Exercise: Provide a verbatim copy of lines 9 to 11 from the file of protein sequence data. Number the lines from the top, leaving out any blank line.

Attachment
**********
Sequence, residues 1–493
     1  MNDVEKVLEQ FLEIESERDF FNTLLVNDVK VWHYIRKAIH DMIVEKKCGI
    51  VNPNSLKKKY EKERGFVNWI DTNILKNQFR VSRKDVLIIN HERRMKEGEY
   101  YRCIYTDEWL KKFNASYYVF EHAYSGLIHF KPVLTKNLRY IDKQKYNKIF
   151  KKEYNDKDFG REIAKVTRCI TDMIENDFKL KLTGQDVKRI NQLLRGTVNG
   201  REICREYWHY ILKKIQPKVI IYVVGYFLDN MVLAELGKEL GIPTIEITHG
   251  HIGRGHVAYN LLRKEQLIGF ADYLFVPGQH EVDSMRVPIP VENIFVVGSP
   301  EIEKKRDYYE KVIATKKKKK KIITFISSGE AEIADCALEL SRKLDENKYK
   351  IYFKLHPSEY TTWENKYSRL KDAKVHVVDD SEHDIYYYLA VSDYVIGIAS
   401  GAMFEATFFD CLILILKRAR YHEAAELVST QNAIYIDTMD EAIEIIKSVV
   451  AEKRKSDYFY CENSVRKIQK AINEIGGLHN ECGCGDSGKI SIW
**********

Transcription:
   351  IYFKLHPSEY TTWENKYSRL KDAKVHVVDD SEHDIYYYLA VSDYVIGIAS
   401  GAMFEATFFD CLILILKRAR YHEAAELVST QNAIYIDTMD EAIEIIKSVV
   451  AEKRKSDYFY CENSVRKIQK AINEIGGLHN ECGCGDSGKI SIW